God has a morally sufficient reason for the evil which exists. (Always Ready, p. 172)
1. God is all-good.2. God is all-powerful.3. Evil exists. (Ibid., p. 171)
All this is to say that Bahnsen offers a defense against the problem of evil, but fails to validate a crucial component integral to that defense, namely the notion of a “morally sufficient reason” for evil. As we examine Bahnsen’s own statements around his proposed defense against the problem of evil, and Dan’s additional comments on the matter, consider what kind of mind is required to take the view that there is such a thing as a “morally sufficient reason” for evil. Bahnsen himself shows no indication that he winces at the idea; in fact, he seems gleeful in affirming it.
Bahnsen clues us in on the psychological process by which the Christian mind comes to the evaluation of reasons which are unknown, as “morally sufficient” when he states the following:
If the Christian presupposes that God is perfectly and completely good -- as Scripture requires us to do -- then he is committed to evaluating everything within his experience in the light of that presupposition. Accordingly, when the Christian observes evil events or things in the world, he can and should retain consistency with his presupposition about God's goodness by now inferring that God has a morally good reason for the evil that exists. God certainly must be all-powerful in order to be God; He is not to be thought of as overwhelmed or stymied by evil in the universe. And God is surely good, the Christian will profess -- so any evil we find must be compatible with God's goodness. This is just to say that God has planned evil events for reasons which are morally commendable and good. (Always Ready, pp. 171-172)
Step 1: Assume on faith (i.e., on the basis of hope and desire) that there is a god.
Step 2: Assume in advance of anything else, that this god “is perfectly and completely good.”
Step 3: Commit yourself “to evaluating everything within [your] experience in light of [these assumptions]” – i.e., deliberately allow them to predetermine the outcome of any evaluation, inference, supposition, judgment, conclusion you may make about said god.
Step 4: When you observe evil in the world, “retain consistency with [these assumptions] about God’s goodness by now inferring that God has a morally good reason for the evil that exists.”
Step 5: Don’t worry about what specifically that reason might be; you might never know what it is (in fact, it’s preferable that you don’t know what it is). Bahnsen himself concedes that he has no idea what this “morally sufficient reason” could possibly be when he writes:the Bible calls upon us to trust that God has a morally sufficient reason for the evil which can be found in this world, but it does not tell us what that sufficient reason is.The apologist finds delight in such ignorance, pretending that it indicates some “higher knowledge” to which man has no access. The purpose here is not to establish the claim that the Christian god has a “morally sufficient reason” for evil. Rather, it is simply to assume, on the basis of prior assumptions accepted on faith, that whatever reason said god supposedly has is, sight unseen, a “morally good reason” for evil. Don’t even worry about knowing what such a reason could be; don’t try to hypothesize examples; don’t think critically about what you are expected to accept as knowledge. The important thing is not to evaluate specific instances, but to settle in your mind at any cost that whatever reason this god might have for allowing or committing evil, it’s a “morally good reason.”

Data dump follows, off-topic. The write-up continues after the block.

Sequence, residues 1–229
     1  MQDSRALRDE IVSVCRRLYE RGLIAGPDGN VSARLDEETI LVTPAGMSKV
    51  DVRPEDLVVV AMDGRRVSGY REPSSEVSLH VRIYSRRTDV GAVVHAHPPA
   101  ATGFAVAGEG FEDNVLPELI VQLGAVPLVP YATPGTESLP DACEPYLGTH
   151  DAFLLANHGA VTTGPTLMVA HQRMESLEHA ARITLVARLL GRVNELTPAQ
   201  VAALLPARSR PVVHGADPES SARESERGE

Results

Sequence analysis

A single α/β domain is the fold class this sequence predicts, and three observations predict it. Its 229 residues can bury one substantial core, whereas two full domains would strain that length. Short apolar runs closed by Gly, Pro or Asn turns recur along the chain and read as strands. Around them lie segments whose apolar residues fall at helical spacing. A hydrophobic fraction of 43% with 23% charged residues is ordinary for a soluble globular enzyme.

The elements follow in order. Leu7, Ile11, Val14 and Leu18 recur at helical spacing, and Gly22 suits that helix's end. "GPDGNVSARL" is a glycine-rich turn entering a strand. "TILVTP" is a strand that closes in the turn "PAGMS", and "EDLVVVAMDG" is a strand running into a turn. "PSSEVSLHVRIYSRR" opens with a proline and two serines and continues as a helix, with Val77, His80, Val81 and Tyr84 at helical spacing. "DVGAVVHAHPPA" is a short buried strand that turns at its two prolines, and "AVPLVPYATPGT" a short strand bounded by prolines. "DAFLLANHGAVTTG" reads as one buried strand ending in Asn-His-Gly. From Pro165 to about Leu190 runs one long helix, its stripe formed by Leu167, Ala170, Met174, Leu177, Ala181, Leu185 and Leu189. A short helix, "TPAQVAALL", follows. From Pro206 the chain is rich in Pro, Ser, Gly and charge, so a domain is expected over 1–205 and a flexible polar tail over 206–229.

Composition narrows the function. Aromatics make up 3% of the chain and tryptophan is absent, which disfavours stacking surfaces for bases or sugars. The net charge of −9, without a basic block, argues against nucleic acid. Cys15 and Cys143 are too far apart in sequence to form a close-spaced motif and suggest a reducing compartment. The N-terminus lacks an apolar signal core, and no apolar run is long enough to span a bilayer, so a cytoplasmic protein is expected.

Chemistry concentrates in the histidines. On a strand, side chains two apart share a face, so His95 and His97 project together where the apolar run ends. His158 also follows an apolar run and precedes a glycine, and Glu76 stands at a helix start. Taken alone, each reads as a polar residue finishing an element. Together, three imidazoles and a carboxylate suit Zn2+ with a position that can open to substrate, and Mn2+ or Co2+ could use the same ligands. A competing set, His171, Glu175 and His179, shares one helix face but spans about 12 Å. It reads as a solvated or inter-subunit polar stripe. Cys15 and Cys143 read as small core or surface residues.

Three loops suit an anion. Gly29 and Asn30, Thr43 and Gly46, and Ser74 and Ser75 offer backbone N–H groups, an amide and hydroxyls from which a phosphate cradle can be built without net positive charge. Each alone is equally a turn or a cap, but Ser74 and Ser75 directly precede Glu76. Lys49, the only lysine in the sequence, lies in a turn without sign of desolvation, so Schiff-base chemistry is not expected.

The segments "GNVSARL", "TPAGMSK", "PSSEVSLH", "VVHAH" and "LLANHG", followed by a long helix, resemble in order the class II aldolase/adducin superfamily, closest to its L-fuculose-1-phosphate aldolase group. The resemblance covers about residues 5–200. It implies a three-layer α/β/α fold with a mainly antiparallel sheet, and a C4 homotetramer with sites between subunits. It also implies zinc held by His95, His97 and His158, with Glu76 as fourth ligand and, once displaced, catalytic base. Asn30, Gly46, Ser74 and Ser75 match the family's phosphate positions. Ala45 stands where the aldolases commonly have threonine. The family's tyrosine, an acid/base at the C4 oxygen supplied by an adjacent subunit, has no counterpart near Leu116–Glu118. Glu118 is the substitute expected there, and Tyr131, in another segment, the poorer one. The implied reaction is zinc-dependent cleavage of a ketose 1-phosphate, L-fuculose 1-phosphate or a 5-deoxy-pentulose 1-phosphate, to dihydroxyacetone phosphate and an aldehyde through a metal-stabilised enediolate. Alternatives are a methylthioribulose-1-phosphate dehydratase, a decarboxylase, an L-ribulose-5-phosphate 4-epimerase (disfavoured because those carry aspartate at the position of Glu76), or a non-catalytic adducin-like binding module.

Step 6: Rationalize Steps 4 and 5. For example, remind yourself that “God certainly must be all-powerful in order to be God; He is not to be thought of [i.e., imagined] as overwhelmed or stymied by evil in the universe. And God is surely good.” Given these assumptions which are affirmed in advance of contemplating anything that might be called evil in the world, pretend to have drawn the conclusion “[therefore] any evil we find must be compatible with God’s goodness.”
Step 7: Put out of your mind the fact that the very notion of evil being “compatible with God’s goodness” is indistinguishable from evil being compatible with the nature of an evil god. I.e., suppress genuine moral judgment in order to replace it with morally bankrupt prejudices resting on faith-based assumptions which are to be accepted in advance of any judgment for no good reason whatsoever (for to evaluate a reason as “good” would defy the very procedure under consideration).
Step 8: Having gone through Steps 1 through 7, pretend that you’ve established as a conclusion to prior reasoning that “God has planned evil events for reasons which are morally commendable and good.” Again, do not inquire as to what these reasons might be; what is important is that you presuppose that they are “morally commendable and good.”
In attempting to turn the problem of evil into merely an emotional difficulty as opposed to an actual contradiction, Bahnsen openly admits that he does not know what reason his god might have for allowing or using evil to achieve its ends:
The problem which men have with God when they come face to face with evil in the world is not a logical or philosophical one, but more a psychological one. We can find it emotionally very hard to have faith in God and trust His goodness and power when we are not given the reason why bad things happen to us and others. We instinctively think to ourselves, "why did such a terrible thing occur?" Unbelievers internally cry out for an answer to such a question also. But God does not always (indeed, rarely) provide an explanation to human beings for the evil which they experience or observe. "The secret things belong to the Lord our God" (Deuteronomy 29:29). We might not be able to understand God's wise and mysterious ways, even if He told us (cf. Isaiah 55:9). Nevertheless, the fact remains that He has not told us why misery and suffering and injustice are part of His plan for history and for our individual lives. (Always Ready, p. 173)
In trying to downplay the logical conundrum raised by the problem of evil, Bahnsen proposes a solution which affirms the notion that evil is justifiable if one has a “morally sufficient reason” for it, and, apparently pleased with himself, proceeds to call the persistence of the problem of evil a “psychological” problem rather than a philosophical problem. Bahnsen thus announces that he sees no philosophical problem in affirming the notion that evil is justifiable if one has a supposedly “morally sufficient reason” for it.